On this particular Saturday, two of our servers received nearly six hours of constant attempts from a site at a university in Sweden (we traced the IP address and notified the school’s technical administrators). The login attempts starting with users whose names started with “a” then, “b” and so on, all the way through the alphabet.
I didn’t know there were that many names available. Tens of thousands.
Our site uses a Feedback form, an Email-To-A-Friend form, and allows for Comments on most articles. Feedback messages, of course, come straight to us.
When you use the Email-To-A-Friend form, an article and link is sent to your friend’s email address. That also means an unscrupulous reader could “spam” someone by entering an email address and a different message (than the article). The resulting “spam” would appear as if it came from someone else, though our IP address would be visible.
Of course, we keep track of such messages and flag both the user’s IP address and their own email address and put them in a “banned user” list. All that extra effort is required because someone doesn’t want to play by the rules.
Spam doesn’t show up in just your email inbox. It also shows up in our Comments section. Spammers don’t care that the article is about how to use a web page editor. They assume everyone wants to read about their sex links, viagara links, mortgage links, and other drug related links. So they post the spam in Comments sections, too.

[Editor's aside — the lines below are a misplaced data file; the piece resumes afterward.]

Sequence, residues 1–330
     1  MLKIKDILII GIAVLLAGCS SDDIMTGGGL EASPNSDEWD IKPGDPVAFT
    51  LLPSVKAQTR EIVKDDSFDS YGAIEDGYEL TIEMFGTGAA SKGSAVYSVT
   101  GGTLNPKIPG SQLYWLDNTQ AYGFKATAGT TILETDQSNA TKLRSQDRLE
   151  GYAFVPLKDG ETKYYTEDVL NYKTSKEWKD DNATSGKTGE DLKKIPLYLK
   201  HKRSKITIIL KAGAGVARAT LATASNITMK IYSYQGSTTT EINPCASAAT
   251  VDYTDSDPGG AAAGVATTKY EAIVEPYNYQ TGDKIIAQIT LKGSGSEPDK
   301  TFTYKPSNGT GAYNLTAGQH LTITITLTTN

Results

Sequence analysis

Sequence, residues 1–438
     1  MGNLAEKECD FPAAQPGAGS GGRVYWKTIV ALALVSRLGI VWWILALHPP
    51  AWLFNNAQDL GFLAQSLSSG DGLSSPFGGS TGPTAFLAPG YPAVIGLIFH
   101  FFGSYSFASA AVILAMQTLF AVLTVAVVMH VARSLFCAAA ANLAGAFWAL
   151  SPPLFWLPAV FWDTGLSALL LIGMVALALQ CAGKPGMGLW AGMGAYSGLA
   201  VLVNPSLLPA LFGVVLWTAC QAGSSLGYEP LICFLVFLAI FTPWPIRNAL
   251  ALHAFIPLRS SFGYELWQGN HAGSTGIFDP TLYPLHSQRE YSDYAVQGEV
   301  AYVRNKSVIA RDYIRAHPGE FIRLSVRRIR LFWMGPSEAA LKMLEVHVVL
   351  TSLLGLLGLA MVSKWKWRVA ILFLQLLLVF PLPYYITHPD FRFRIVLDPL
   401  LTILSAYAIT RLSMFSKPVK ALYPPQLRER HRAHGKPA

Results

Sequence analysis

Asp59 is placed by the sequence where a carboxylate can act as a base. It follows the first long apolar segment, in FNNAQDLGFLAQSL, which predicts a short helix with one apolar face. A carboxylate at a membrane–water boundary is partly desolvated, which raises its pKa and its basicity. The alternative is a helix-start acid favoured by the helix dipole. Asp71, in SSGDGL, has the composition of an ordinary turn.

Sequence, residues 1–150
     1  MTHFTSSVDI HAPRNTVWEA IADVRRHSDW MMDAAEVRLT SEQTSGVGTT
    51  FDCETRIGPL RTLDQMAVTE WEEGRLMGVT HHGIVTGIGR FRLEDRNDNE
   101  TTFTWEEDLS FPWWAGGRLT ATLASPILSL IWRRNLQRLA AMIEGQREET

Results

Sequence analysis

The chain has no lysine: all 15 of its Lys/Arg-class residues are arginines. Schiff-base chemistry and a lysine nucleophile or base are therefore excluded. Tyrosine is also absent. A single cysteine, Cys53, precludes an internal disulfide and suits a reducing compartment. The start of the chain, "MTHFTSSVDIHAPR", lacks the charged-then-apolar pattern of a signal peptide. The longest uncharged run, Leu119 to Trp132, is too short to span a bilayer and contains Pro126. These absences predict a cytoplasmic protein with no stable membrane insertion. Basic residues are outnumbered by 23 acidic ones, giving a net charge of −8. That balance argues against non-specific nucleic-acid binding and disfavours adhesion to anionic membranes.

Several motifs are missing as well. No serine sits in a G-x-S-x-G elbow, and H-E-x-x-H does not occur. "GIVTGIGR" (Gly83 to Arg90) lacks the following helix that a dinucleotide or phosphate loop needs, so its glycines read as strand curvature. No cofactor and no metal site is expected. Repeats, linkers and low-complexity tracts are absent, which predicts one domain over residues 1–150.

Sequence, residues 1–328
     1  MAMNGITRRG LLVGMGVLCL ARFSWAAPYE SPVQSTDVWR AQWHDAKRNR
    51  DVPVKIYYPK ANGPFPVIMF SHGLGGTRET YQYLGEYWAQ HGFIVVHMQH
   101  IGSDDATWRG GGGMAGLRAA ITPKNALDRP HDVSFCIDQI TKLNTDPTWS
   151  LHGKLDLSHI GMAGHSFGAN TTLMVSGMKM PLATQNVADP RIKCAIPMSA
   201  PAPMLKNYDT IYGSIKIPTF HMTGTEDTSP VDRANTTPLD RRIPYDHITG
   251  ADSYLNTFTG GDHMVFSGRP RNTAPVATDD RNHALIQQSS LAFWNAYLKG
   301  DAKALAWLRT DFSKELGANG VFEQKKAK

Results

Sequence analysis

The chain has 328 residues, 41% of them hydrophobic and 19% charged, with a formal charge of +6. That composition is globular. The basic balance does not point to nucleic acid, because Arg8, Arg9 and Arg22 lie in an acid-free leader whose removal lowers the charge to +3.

“Maybe I could get some nude photos of me and sell them as desktop images and wallpaper. I’m blonde, leggy, and single. What would be a good price?”Of course, we keep track of such messages and flag both the user’s IP address, etc., and put them in the “banned user” list. See? I’m repeating myself.
Many sites require a “membership” or “registration” before posting Comments or entering Forums. We may implement such measures if the spam gets out of hand. That won’t fully prevent spam, but it will cut down the amount of spam that shows up.
Some of our readers have voiced concern about the requirement to enter an email address before posting a Comment. Others don’t want their email address posted on a web site for fear that automated email address “harvesters” will find the address and add it to a spam list.
That concern we can understand. So, the email address you enter gets “scrambled” in code so automated harvesters can’t read it, though another reader could write it down and send you a message.
Running a Mac web site (and many others) using Mac OS X Server is no picnic, though it’s probably much easier than trying to maintain Windows desktops in a large corporation. I’d hate to have to do that every day, though the job security would seem decent.
Some of our readers don’t like what we write about or how we write it. Some do. Everyone’s entitled to an opinion, of course. We provide the site because we like Apple, we use Macs, and we make a living with Mac technology. We don’t do Windows.
To make money on a Mac web site requires tens of thousands of unique visitors each day. And lots of content. Five or 10 new articles daily. And ads. Lots of ads. And contests. And Forums. It’s a full time job to make money on a Mac web site.
Someone suggested we put up a PayPal account and take donations. That’s a thought but seems a bit like begging to me.
Maybe I could get some nude photos of me and sell them as desktop images and wallpaper. I’m blonde, leggy, and single. What would be a good price?